Thursday, June 3, 2021

New York Misinformation - Base Path is Not a Baseline

After 1B Umpire Alan Porter called Tampa Bay batter-runner Kevin Kiermaier safe in the 5th inning of Thursday's #Rays-#Yankees, New York manager Aaron Boone came out to argue as YES broadcasters mused about the baseline and runner's lane. Unfortunately, the rule about a base path has nothing to do with either of those concepts, meaning all within earshot of a television tuned to YES in New York were witness to misinformation regarding the out of the base path rule.

Play: With one out and none on, Kiermaier hit a 0-1 changeup from Yankees pitcher Gerrit Cole on the ground to first baseman DJ LeMahieu, who attempted to tag Kiermaier as he ran to first base.

: Kiermaier avoided LeMahieu's tag and 1B Umpire Porter ruled him safe. Yankees manager Boone campaigned for a base-running infraction, but to no avail: the safe call stood.

Rule: Official Baseball Rule 5.09(b)(1) governs this play and states that "any runner is out when they run more than three feet away from their base path to avoid being tagged unless their action is to avoid interference with a fielder fielding a batted ball. A runner’s base path is established when the tag attempt occurs and is a straight line from the runner to the base they are attempting to reach safely."

In other words, the runner sets their own base path and is allowed three feet to the left or right of that established position on their way to the next (or previous) base in order to avoid a tag.

Not the Rule: The 45-foot runner's lane painted on the ground to the right of the foul line is rules-relevant for one and only one play: runner's lane interference, which occurs when a batter-runner outside of the lane "interferes with the fielder taking the throw at first base" (OBR 5.09(a)(11)). If there is no throw (or no fielder taking a throw), there can bee no runner's lane interference, meaning the lane line is immaterial during a tag play.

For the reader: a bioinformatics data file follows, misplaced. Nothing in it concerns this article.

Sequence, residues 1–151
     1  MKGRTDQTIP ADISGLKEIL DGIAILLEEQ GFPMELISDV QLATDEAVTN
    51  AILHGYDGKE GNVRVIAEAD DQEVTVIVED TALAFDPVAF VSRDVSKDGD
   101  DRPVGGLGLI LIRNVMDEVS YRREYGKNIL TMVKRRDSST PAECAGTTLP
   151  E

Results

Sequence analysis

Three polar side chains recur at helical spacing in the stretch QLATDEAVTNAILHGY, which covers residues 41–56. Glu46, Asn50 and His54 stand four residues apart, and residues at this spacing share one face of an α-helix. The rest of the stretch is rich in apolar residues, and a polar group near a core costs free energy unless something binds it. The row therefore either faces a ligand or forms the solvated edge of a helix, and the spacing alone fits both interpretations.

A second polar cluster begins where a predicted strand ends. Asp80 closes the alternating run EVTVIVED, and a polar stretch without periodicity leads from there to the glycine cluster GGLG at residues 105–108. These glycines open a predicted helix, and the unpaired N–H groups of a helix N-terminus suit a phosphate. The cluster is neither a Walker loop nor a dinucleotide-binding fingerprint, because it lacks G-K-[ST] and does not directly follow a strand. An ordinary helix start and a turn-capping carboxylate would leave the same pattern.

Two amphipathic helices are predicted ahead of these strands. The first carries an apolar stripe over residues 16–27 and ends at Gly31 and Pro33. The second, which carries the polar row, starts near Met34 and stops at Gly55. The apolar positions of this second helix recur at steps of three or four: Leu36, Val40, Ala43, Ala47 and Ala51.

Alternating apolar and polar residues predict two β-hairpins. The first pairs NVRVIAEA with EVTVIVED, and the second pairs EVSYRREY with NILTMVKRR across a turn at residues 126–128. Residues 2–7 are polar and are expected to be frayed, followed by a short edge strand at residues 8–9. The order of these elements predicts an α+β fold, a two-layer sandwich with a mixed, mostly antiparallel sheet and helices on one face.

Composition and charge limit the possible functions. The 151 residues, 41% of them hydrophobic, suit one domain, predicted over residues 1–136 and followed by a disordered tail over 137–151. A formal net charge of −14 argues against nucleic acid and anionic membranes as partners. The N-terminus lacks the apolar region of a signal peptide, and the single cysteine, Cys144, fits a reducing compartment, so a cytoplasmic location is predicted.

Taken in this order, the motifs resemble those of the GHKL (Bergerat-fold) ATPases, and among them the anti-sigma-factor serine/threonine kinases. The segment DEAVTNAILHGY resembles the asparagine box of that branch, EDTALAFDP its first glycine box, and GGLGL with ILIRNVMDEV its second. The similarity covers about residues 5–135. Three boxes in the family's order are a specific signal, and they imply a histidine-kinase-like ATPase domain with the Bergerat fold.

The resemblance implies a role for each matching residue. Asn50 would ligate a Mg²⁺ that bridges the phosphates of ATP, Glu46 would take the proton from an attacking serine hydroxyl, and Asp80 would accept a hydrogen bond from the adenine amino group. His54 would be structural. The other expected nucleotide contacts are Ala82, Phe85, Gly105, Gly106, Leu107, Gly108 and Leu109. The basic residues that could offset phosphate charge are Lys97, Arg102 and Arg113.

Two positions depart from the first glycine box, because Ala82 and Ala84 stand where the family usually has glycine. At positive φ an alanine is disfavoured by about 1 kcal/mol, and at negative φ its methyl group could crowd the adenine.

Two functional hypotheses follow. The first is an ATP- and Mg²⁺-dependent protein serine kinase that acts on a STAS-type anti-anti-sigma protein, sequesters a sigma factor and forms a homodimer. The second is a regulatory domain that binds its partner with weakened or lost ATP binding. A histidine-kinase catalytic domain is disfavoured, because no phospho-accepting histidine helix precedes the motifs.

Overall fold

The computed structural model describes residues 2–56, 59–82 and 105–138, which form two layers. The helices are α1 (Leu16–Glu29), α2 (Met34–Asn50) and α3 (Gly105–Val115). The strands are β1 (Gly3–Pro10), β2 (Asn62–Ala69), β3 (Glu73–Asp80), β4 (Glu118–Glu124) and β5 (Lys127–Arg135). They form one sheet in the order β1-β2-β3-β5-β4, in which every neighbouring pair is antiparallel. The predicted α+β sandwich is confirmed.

The baseLINE, meanwhile, is simply a direct line between any two bases, such as the painted foul line between home and first base. The baseline has no relevance for a base path call such as the Kiermaier play and the only relevance of both the foul line and runner's lane line is that we know, dimensionally, the distance between the two lines is three feet. Thus, we have an impromptu painted ruler or yardstick on the ground that we could conceivably apply to Kiermaier's journey.

: Accordingly, Porter's only consideration is whether Kiermaier deviated by more than three feet, pursuant to OBR 5.09(b)(1), to avoid being tagged. Umpire Porter could use the three-foot wide yardstick known as the runner's lane to help guide him to determine what three feet might actually look like, but the runner's lane itself is meaningless for this play. All that is relevant is whether Kiermaier ran more than three feet away from his base path—which he establishes well into foul territory—to avoid being tagged. If so, the runner would be out for running away from (or out of) his base path to avoid being tagged. If not, the runner is safe. 

Video as follows:

Alternate Link: Kiermaier's avoidance maneuver concerns a base path, not a baseline & not RLI (CCS)


Post a Comment